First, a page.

Sports sector survey finds more support for closed doors than limited crowds

Only 35% feel that events should accommodate reduced capacities which is interesting given that the sector badly needs the influx of income from gate receipts as it seeks to rebound from the pandemic and the subsequent shutdown.
Sports sector survey finds more support for closed doors than limited crowds
An empty Croke Park.

More than half of sports industry stakeholders, 53%, believe that holding major events behind closed doors is the way to go for the remainder of 2020, according to the ONSIDE Covid-19 Sports Impact Monitor.

Only 35% feel that events should accommodate reduced capacities which is interesting given that the sector badly needs the influx of income from gate receipts as it seeks to rebound from the pandemic and the subsequent shutdown.

IRFU CEO Philip Brown has warned repeatedly that the union faces severe financial repercussions if it cannot begin to play test games in front of full houses in the coming months and the GAA has already braced itself for major economic reverberations because of its empty stadia.

So, caution clearly remains a watchword for now and it can be argued that this is no bad thing given the experiences of the last three months and the warning by dozens of leading Irish scientists this week that the re-opening of society is progressing too quickly.

This particular survey, conducted over ten days between the end of May and start of June, sought feedback from over a hundred sports organisations and also included other stakeholders such as sponsors, rights holders and agencies.

Among the findings there was a clear note of optimism with two-thirds of industry practitioners expecting a “good recovery” in sport in the next one or two years and that is backed up with the fact that only 7% of sponsors are considering cutting their ties with the sector due to the impact of Covid-19.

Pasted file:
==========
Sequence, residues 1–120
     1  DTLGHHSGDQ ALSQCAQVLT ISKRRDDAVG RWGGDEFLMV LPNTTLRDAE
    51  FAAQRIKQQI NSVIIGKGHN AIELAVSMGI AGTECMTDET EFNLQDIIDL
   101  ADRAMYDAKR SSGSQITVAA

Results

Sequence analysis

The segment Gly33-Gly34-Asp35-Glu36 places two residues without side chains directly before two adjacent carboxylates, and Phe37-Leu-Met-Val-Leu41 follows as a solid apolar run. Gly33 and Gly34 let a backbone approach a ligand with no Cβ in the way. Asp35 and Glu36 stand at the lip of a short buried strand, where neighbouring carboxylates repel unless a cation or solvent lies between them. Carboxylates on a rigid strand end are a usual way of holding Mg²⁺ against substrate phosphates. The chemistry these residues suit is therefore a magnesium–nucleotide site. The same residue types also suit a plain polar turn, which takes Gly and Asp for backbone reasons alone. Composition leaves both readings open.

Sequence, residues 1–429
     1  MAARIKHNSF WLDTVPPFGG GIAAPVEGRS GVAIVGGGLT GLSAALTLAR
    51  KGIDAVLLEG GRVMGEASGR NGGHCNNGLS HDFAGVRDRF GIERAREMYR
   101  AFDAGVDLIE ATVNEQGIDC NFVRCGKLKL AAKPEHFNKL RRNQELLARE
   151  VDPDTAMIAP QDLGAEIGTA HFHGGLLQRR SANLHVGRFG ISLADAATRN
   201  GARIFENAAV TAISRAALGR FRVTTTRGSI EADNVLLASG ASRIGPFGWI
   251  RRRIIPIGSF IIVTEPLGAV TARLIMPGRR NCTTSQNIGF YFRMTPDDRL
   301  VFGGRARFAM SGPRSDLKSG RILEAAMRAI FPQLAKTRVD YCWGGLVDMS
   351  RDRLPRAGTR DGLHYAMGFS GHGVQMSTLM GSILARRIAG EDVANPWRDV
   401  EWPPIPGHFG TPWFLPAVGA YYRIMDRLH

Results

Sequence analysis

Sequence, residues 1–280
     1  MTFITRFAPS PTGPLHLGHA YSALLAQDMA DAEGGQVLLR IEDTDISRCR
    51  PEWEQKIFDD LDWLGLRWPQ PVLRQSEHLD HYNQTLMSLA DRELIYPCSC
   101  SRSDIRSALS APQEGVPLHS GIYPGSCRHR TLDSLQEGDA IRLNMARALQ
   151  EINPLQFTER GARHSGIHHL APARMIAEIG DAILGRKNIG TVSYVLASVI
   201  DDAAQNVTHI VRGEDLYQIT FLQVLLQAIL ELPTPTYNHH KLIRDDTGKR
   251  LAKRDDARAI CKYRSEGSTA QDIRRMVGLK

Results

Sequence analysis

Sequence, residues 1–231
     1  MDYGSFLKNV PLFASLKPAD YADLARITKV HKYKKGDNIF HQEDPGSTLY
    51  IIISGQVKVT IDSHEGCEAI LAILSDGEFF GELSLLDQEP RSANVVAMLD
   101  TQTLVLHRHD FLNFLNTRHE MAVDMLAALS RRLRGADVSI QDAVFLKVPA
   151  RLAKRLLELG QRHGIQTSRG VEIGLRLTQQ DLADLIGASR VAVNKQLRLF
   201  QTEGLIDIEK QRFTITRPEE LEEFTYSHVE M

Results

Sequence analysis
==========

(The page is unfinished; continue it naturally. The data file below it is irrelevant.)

That said, the uncertainty is having an effect.

One in four sports rights holders fear losing a commercial partner due to the pandemic and there have been plenty of examples around the industry in recent months of organisations and individuals grappling with the consequences.

Rowing Ireland CEO Michelle Carpenter

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Brendan Doyle, who is aiming to qualify in the skeleton for the 2022 Winter Olympics, has also expressed concern over the difficulties that lie ahead in finding sponsors given the downturn so this will be a climate that brings chills for everyone.

Budget constraints, up 4% to 82%, are viewed as the greatest challenge for organisations within the sector while another concern is the difficulty in managing relationships with sponsorship partners, which is now an issue for 59% of the sector versus 38% in April.

Adaptability and innovation will be key going forward.

“There are several opportunities being rebooted for next generation sports presentation as the Covid-19 grip eases somewhat,” said John Trainor, founder and CEO of ONSIDE. “Livestreaming is increasingly seen as a leading activation opportunity for 60% of sports industry insiders, up 16% in appeal since April.

“This is in part being driven by early learnings from overseas, with the Bundesliga and the National Rugby League in Australia returning to action and both excelling in viewership and online engagement. Additionally, the recent launch of a global streaming service by FC Barcelona also shows the growing potential of sports streaming worldwide”.

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